issue 166 - December 1986
Most people in the Third World will never know the routine of
nine-to-five jobs - work to them is a seamless part of everyday life.
From Rio to Delhi, Peter Stalker discovers how to survive on the street.
Photo: Peter Stalker
Informality is the watchword on Rio's beaches. Bronzed female figures glisten in the sunshine. Bronzed male figures alternate between glistening and leaping around on the soft sand of the volleyball courts. No standing or lying on ceremony here. During Rio's ritual weekend retreat to the beach the grey suits and the crisply-laundered shirts give way to as little as will (or may) cover the vital parts. But look closer and you will see other figures threading their way through the bodies. Not quite so scantily clad. Not as carefully manicured or coiffeured. And nothing like so idle.
Their activity is also defined as informal - in economic terms at least. These are the sellers of Coca-Cola, or soft toys or parasols or even water. And the ringing of bells and crying of their wares may have hints more of desperation or resignation than informality.
It was an economist called Hart who first coined the term 'informal sector' back in 1973. He was looking for a way to classify the unclassifiable - and at least took the first step of giving it a label.1
What exactly does the label imply? Easier to say what it does not imply. In most rich countries the majority of those working away from the home have a fixed job at a fixed site: a place to work, organize a trade union and pay taxes. This is the formal sector. Aside from this there will be the crooks and moonlighters and the operators of the underground economy - all of them as often as not working outside the law and outside the tax system. But these will be usually a minority.
In most Third World countries the position is reversed. Those who can claim a steady job in a factory or office or government service are a privileged elite. Everyone else makes a living as best they can, selling steaming plates of beans and rice from makeshift stalls, shining shoes, repairing cars on the pavement. No social security here, no sickness benefit. No tax either, though there is very little money to be taxed in the first place.
It is difficult to attach numbers to a phenomenon like this. But estimates in six Latin American and two Asian cities show that anywhere between 40 and 70 per cent of their urban workforces are 'informal'. These are in fact the workers who keep most cities going, not just because they feed and clothe a good proportion of the population but because they also supply many of the factories with parts and raw materials - some stolen from other factories no doubt, but made conveniently available nonetheless.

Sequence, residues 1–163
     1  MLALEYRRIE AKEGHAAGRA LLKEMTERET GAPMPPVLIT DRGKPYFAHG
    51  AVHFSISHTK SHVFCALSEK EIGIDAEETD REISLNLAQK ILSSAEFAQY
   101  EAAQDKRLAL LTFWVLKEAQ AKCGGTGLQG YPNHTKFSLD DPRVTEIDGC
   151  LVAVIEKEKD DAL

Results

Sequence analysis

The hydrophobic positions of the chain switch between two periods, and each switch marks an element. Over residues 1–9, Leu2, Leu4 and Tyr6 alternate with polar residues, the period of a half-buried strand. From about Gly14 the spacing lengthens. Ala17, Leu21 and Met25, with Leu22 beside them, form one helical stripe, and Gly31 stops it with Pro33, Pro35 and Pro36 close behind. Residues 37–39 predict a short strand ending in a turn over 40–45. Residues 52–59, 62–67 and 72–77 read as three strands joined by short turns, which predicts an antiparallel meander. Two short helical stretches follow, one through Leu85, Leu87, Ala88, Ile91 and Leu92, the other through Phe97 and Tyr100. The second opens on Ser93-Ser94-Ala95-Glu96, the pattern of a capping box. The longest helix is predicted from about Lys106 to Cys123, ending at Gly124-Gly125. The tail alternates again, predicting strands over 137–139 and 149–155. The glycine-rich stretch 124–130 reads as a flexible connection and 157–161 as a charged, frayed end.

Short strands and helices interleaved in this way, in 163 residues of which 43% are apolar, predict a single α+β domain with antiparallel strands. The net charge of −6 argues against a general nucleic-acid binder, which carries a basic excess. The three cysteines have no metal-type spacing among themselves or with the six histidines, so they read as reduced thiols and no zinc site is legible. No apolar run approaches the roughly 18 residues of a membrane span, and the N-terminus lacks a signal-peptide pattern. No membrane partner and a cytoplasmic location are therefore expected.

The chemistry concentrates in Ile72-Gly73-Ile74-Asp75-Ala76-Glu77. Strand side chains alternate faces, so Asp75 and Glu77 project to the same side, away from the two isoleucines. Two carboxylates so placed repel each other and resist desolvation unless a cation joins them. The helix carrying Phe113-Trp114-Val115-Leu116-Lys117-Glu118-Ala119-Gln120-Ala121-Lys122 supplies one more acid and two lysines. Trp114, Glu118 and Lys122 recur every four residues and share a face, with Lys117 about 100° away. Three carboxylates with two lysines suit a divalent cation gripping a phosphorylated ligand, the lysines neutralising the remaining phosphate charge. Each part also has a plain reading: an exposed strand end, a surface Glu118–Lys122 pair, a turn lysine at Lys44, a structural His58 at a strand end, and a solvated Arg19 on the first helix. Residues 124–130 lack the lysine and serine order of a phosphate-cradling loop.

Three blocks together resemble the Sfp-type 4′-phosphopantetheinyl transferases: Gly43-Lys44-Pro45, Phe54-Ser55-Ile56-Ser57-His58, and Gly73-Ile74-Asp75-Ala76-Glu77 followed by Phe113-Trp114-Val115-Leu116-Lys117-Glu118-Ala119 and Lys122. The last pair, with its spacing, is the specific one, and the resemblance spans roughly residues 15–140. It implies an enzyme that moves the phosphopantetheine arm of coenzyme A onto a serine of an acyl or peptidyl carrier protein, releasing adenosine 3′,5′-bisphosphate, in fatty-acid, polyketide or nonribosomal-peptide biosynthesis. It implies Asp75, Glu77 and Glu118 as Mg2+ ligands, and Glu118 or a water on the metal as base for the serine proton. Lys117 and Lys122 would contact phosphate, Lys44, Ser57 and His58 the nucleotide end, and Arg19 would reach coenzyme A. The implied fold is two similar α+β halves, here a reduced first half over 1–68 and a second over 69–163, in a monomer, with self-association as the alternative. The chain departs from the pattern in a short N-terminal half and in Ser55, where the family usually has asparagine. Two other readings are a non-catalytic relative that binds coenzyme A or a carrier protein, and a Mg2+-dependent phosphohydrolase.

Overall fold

The shifting, uncertain nature of this kind of life makes many of the conventional assumptions about work and play irrelevant. Work begins when the day begins and ends when the day ends. Selling fruit at traffic lights? Plug a flex into the nearest street lamp and keep your stall going to catch the late-night cinema-goers.
Even the distinctions between different phases of human life fuzz and blur. Childhood is less an epoch between zero and 15 years old than an arbitrary time of day. The morning at school screaming and giggling with the rest of them. The afternoon shining shoes or selling fruit, or running along the beach snatching the occasional moment of football along with the occasional wallet.
Work in this case is not so much what gives a meaning to life, more what makes life possible: a means of gleaning something, however slight, from a hostile environment. It has no beginning and no end. Working and eating and sleeping and childcare and everything else blend into one organic whole.
The seamless continuity of working life for the poor in Third World cities may be relatively new territory for the sociologists, but for the people who occupy the slums and the shanty towns it is just the latest phase of a tradition that stretches back to the countryside from which they or their parents emigrated.
Life in the village is also based on long days - working to the rhythm of the seasons. The earth must be planted and sown. And as much will be worked in a day as the hours of the sun and the hands of the family will permit. If the patch of land is too small, and there isn't enough for the family's food, then off they go as labourers for someone else.
So why go to the city? Why trade one continuum of life and work for another? Especially when the village seems at first sight a much more amenable place to keep body and soul together than a city choked with noise, dirt, traffic and violence.
The truth is that the city, however unpleasant and hostile it may seem, is usually a more rewarding place to work - even for its poorest inhabitants. For one thing there is more to do: you can spend more time 'at work'. One study of squatter settlements in Delhi. in India, for example showed that casual labourers could find work for 250 days a year - more than twice the number of days they could work in the village. If you don't have land in the countryside - and increasing numbers of workers do not - you are exposed to the vicissitudes of the local landlords and the political and economic pressures they can bring to bear. The city does at least give you the chance to be exploited by a greater variety of people.
Given these options, increasing numbers of workers are voting with their feet. From the drylands of the sertão in north-east Brazil, they flock to Rio and São Paulo. Whole families are left behind to fend as best they can in the African bush while men seek the brighter lights of Kinshasa or Nairobi. Indeed cities all over the Third World are swelling daily with migrants keen to see better rewards for their labour. Some 30 per cent of the Third World's people now live in cities and the figure is rising fast. Most of the world's biggest cities by the end of this century will all be in developing countries - Mexico City leading the field with a projected population of 26 million.2